For me, evaluation is important as it is a reminder that what we are doing is of benefit and allows us the opportunity to consider different options.
My first thoughts lead to the mainly summative evaluation processes that are in place, then I realised, that even though I was already familiar with the ADDIE model, I considered that ongoing formative evaluation can also occur amongst peers in an informal way- perhaps by attending conferences, belonging to online Discussion forums, talking to staff from other Insitutions. I am refering to evaluation of the teaching process/system as well as the course content.
For example, within an online course, an e-activity may be presented in a new way to students as a result of some learning opportunity gained though a shared experience with another lecturer. Evaluation (formal and informal) is also important personally- it can be used to 'pat yourself' on the back, as well as 'allowing room for improvement'.I also was thinking of the efects 'tick box' situation whereby you present the end of course evaluations to the online students, gather the results for the Annual Programme Reporting process, list any outcomes and then add them to the 'Action List' and find, that a year later, no further action was taken because it got
lost in the 'redtape'.
So, during this course, I hope to learn more about evaluation in a 'user friendly' environment.
While listening to the presentation I jotted down the following in response the question "What is evaluation?" ...a review of a process, how well did it suit the 'intended outcome' (purpose), are there areas which can be improved?, did the process result in
'buy in'? will it be reproducable? can it be transferred to another format?
2.What sort of evaluations mentioned on the presentation are familiar to you already and why?
Evaluation processes that were mentioned in the presentation that are familair to me are as follows:
- paper based questionaires- either handed out in class or posted to students- (this is for ongoing Community Computing classes that are facilitated rather than 'taught';
- end of course evalutions available to students participating in papers or units online;
- Annual Student Satification Surveys, -sent out to students who may or may not still be studying online-at the end of the year. Usually sent via email with a web link to follow;
- focus groups- participation as a staff member on elearning initiatives;
- discussion forums (as a student on this eLearning Course-in another paper)-evaluating fellow students work e.g webpages;
- checklists to follow before a Unit is relased to students on an online course.
3.Why is quality important in eLearning?
Quality: For me this is much the same as in a retail environment - would you buy a suit from a Designer who you had heard via word of mouth from friends (who
had previously brought a similar suit) -that he used inferior materials? If you were looking for a product that will last, you probably wouldn't buy it. But if you were
looking for a product that is cheaper and doesn't have to last the distance, then possibly yes, you would consider it.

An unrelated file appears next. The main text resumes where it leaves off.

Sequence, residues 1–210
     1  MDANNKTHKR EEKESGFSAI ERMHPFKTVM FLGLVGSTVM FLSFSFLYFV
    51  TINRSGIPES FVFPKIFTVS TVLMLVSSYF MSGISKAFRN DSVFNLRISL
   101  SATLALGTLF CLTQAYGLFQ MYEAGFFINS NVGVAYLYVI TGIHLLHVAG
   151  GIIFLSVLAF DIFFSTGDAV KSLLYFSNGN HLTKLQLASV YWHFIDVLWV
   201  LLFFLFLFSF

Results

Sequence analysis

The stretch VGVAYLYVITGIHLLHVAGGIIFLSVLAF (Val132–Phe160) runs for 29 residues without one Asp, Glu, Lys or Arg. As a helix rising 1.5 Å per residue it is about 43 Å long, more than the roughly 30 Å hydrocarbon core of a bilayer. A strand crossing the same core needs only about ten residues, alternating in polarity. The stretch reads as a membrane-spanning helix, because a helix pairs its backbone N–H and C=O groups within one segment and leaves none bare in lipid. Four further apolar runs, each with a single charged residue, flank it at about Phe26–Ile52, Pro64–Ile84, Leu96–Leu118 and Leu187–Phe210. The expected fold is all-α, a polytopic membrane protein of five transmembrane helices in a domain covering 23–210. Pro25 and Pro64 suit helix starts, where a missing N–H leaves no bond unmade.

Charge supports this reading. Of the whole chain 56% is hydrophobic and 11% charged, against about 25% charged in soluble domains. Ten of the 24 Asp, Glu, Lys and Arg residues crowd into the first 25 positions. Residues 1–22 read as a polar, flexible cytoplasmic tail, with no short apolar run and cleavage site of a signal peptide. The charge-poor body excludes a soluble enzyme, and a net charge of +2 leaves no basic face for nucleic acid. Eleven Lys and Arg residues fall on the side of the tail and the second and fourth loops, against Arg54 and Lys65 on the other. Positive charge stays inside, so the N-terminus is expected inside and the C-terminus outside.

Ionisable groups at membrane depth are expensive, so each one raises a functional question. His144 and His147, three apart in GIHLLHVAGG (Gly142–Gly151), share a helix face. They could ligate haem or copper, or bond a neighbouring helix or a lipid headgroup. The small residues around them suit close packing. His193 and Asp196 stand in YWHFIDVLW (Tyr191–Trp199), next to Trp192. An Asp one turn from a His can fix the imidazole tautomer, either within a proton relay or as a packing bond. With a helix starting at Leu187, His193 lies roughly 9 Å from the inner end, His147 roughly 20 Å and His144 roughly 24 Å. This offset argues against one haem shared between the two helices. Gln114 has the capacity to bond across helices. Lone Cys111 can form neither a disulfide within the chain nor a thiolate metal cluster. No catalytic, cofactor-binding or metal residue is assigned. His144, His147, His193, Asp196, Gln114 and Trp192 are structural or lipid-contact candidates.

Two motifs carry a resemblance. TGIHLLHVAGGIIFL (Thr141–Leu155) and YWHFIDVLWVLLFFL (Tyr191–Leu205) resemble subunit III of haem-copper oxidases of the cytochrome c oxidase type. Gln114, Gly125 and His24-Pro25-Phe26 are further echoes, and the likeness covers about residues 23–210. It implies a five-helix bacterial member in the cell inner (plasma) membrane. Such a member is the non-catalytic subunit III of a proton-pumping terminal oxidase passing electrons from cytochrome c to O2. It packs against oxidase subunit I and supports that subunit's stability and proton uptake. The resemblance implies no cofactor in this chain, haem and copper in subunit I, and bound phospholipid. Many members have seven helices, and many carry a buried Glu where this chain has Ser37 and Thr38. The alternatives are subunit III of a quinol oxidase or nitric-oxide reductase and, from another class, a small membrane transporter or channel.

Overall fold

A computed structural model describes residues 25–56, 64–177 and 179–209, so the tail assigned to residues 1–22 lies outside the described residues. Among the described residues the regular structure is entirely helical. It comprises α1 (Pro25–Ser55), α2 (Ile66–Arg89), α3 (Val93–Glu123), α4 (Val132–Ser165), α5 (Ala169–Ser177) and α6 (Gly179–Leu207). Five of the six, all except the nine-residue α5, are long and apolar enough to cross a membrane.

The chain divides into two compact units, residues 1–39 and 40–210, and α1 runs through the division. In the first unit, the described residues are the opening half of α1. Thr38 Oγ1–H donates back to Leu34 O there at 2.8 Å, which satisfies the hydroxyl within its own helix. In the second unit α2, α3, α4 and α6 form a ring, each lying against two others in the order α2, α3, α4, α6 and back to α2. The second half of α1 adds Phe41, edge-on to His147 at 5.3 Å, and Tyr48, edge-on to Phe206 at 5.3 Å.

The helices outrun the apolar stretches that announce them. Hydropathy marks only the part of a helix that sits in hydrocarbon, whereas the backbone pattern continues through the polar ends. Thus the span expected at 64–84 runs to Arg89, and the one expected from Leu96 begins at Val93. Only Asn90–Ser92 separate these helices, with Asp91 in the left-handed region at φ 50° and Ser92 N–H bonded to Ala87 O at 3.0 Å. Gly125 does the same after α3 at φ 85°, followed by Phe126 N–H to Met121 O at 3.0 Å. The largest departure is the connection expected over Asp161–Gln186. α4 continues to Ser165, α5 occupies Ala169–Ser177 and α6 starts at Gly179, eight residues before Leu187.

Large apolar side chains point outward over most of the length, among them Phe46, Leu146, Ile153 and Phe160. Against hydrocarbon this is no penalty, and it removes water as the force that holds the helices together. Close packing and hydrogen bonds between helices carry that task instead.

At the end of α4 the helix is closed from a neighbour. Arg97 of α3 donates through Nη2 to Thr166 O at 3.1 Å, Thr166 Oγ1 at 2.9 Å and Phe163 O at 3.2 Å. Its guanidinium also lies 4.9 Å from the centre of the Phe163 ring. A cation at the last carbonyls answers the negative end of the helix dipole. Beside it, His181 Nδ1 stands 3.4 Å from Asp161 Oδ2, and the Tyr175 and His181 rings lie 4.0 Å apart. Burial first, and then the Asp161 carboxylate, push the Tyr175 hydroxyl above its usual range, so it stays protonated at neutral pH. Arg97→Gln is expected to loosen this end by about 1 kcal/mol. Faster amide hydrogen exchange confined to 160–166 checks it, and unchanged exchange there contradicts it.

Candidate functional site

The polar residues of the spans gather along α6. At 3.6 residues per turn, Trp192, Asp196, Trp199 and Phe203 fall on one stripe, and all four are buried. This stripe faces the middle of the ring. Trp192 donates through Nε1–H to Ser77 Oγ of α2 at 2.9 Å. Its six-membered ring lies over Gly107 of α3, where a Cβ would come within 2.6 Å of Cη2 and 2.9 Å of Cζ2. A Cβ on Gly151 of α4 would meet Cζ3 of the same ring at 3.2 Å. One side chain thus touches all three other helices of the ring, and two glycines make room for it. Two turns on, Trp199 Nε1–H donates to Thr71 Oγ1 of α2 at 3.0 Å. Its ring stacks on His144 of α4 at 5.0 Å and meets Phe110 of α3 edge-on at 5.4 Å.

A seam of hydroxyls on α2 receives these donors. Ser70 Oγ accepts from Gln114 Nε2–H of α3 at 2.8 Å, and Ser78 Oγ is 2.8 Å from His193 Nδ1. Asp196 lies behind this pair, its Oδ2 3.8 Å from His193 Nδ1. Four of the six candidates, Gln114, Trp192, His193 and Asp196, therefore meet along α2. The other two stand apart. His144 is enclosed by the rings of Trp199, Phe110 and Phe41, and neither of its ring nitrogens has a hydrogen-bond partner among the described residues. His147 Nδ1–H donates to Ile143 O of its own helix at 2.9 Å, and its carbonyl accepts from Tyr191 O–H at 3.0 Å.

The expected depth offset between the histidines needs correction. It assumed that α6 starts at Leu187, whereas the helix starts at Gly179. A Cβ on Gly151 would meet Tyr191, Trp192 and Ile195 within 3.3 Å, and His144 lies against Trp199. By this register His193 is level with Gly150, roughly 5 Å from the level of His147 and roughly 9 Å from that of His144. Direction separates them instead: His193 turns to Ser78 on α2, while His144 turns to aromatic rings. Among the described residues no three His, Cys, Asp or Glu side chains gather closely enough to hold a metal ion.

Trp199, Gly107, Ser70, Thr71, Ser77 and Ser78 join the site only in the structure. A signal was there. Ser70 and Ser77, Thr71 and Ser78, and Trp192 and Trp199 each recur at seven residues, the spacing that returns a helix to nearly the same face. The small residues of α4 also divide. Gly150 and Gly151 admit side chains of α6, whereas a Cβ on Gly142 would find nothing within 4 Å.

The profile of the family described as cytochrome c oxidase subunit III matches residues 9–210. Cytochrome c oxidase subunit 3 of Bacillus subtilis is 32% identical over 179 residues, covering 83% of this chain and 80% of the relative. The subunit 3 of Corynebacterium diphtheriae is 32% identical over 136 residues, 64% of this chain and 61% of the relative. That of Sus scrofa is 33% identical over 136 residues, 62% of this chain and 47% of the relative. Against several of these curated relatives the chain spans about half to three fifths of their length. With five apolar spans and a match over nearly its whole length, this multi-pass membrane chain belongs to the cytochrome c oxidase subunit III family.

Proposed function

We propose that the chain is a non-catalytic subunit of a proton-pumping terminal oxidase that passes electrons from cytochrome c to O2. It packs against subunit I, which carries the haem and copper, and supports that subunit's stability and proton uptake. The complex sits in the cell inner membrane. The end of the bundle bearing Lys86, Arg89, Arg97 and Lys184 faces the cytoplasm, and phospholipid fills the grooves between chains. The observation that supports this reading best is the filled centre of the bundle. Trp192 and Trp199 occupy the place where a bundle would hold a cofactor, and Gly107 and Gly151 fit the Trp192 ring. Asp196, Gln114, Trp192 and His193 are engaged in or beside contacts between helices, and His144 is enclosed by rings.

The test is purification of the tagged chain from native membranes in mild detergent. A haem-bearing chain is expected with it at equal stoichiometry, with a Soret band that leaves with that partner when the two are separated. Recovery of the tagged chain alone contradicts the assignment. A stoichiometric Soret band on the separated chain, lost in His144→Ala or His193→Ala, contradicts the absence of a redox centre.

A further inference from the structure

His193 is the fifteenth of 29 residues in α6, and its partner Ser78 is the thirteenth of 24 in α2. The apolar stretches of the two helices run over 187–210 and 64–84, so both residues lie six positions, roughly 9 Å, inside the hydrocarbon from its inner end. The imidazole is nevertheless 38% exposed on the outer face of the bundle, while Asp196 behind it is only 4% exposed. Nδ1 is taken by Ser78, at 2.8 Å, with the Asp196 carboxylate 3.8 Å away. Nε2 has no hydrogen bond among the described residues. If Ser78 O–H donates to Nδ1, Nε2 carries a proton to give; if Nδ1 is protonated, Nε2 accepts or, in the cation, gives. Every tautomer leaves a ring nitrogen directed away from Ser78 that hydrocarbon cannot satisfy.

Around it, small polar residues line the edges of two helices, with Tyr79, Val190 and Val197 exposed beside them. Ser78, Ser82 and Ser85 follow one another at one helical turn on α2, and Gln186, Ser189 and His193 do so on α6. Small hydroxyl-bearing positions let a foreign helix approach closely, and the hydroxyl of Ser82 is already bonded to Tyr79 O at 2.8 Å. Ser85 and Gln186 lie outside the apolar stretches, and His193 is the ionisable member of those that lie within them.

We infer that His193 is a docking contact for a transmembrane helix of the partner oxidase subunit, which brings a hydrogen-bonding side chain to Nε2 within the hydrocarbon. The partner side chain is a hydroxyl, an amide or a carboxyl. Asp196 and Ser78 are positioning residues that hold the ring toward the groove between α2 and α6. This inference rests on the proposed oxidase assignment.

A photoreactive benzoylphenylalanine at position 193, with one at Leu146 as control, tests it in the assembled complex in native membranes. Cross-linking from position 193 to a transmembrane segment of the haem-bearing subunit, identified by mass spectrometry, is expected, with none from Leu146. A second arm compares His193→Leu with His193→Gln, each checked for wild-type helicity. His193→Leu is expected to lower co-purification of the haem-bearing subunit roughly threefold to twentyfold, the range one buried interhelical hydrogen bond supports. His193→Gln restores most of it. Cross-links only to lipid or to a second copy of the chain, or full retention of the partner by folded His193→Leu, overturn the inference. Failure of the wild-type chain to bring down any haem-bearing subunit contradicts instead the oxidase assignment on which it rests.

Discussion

The analogy for the student wanting a quality course is something like this. They will want a 'quality course' if they plan to do further study, especially at other insitutions. WORD OF MOUTH is very important - a student who has a bad experience will probably do more damage that we realise- students talk and may remember the poor quality aspects longer than we want them to!!!
Quality is perception of value, perhaps something like "am I getting the same treament/value for money in a $300 elearning course as I would in a $1500 f2f class".
In the early days of blended and 'online courses', it could be said that many courses were delivered 'online' as result of the perception that they are more cost
effective. I don't have a specific reference for this, but I think that today- students expect a lot more than just reading their resources on line- they want all the bells and whistles that Web 2.0 technology offers- and that means that the developers and tutors alike have to come to grips with quality tools and good instructional design. I recall looking at some readings from Frank Rennie in the Educational Design for eLearning paper, but can't track them at present.
Quality is also about 'how good is the course'?-'how well does it meet the intended outcome(s)'? (taking into account the context of the measure of quality).What one student calls "good quality"- another may disagree or shun. e.g with elearning, we assume plenty of opportunity for feedback through (for example) forums, etc. A less vocal, or less interactive student, may not perceive the inclusion of this feedback method as a sign of good quality.
I had a look at the eLearning Guidelines (http://elg.massey.ac.nz/index.php?title=Students/Learning_design/Good_practice).
Listed under guideline SD4 (Students/Learning Design/Good practice) is the following question which I think can be related to quality:
"Do students aquire the learning skills for successfully completing the course?"
In the example above, if we were evaluating this aspect of the course in terms of quality, we'd ask "Did the use of interactive tools and forums help the student complete the course"? So, the first student would say it was 'good'! the second might not think so.
Lots to think about obviously....